Joseph L. Mankiewicz’s 1958 film version of The Quiet American was a polemical answer to Graham Greene’s novel – literary adaptation as (politically driven) literary criticism. More than that, it was an operation meant to “correct” the novel, to replace it in the public consciousness, to neutralize it: literary adaptation as propagandistic damage control.
Like another Cold War cinematic operation – the feature-length British cartoon made in 1954 (by filmmakers Joy Batchelor and John Halas) from George Orwell’s Animal Farm – it “benefitted” from the CIA’s involvement in its production, even if involvement in The Quiet American was strictly advisory, not financial. The advisor was Edward Lansdale, chief of the CIA’s Saigon military mission, who later in his life would be followed by persistent rumors that he had served as Graham Greene’s real-life model for the “quiet” American in his novel, Alden Pyle. A 1956 letter from Lansdale to Mankiewicz has survived, concerning, among other things, the real-life bomb explosion of January 1952 (in front of Saigon’s Continental Hotel), used by Greene in his novel as a pivotal moment.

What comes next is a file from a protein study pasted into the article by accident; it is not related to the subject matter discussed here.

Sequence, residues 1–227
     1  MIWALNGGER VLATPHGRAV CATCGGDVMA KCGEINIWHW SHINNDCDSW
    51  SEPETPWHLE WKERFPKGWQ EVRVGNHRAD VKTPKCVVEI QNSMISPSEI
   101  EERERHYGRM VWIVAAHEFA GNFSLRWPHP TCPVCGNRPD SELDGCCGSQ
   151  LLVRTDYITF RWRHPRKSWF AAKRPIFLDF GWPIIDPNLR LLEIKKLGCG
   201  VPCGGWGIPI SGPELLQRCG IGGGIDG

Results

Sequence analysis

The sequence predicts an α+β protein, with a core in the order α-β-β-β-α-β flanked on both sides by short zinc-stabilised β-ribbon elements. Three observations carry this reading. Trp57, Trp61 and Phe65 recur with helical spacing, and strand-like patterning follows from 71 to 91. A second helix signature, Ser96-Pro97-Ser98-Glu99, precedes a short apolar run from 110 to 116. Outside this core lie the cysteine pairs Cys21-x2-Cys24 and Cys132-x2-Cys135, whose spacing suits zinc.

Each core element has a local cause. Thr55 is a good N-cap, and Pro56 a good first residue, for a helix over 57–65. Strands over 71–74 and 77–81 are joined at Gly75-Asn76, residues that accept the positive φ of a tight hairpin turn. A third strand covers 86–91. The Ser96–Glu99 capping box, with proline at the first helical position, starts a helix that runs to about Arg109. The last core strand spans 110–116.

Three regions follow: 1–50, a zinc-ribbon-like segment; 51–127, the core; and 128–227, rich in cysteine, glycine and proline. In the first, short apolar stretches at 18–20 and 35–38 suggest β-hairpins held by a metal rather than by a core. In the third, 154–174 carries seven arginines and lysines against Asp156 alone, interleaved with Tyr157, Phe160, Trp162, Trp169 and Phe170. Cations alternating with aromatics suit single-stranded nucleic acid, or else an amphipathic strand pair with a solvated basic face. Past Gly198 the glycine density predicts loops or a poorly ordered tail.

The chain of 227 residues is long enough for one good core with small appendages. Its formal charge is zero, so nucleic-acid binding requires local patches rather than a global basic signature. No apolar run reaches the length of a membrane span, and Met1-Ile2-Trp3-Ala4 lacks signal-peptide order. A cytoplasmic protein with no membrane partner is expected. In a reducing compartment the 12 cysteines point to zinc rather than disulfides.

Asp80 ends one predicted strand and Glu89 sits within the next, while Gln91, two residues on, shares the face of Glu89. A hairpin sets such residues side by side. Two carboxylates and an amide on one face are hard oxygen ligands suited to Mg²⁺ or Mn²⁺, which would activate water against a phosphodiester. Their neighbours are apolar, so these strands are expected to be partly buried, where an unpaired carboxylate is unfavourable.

Lansdale encourages Mankiewicz to pin the attack on the Vietminh, even if in real life, as in Greene’s novel, it had been claimed by the renegade General Thé. (In Greene’s novel, the bombs are also provided, through the American Economic Aid Mission, by CIA operative Pyle, who hopes to turn Thé and his army into a “Third Force”, which, backed by the U.S. and supported by the local population, would go on fighting the Communists after the departure of the French.) As Lansdale reminds Mankiewicz, General Thé, who had died in 1955 (while Greene was getting his novel ready for publication in Britain), “is quite a national hero for his fight against the Bing Xuyen [another independent military force]”. In fact, as Greene was writing his novel, Lansdale had seriously considered using General Thé in a very Pyle-like scenario – turning him into a U.S.-sponsored Vietnamese nationalist leader. In the meantime, he had found someone better: Ngo Dinh Diem, who was serving as President of South Vietnam when Mankiewicz came to shoot (part of) his Quiet American. (Shooting was completed at the Cinecittà Studios in Italy.) President Diem is actually turned into a – heroic – character in Mankiewicz’s film, even though he stays off-screen and he is not mentioned by name. (Mankiewicz’s film also carried in its end credits a dedication to Diem, which would become embarrassing five years later, after Diem’s corrupt and brutal puppet-regime had been overthrown – once again with the blessing of the United States.) Writing to President Diem himself after having seen Mankiewicz’s The Quiet American, Lansdale assured him that the film “will help win more friends for you and Vietnam. When I first mentioned this motion picture to you last year, I had read Mr. Mankiewicz’s ‘treatment’ of the story and had thought it an excellent change from Mr. Greene’s novel of despair. Mr. Mankiewicz has done much more with the picture itself, and I now feel that you will be very pleased with the reactions of those who see it.”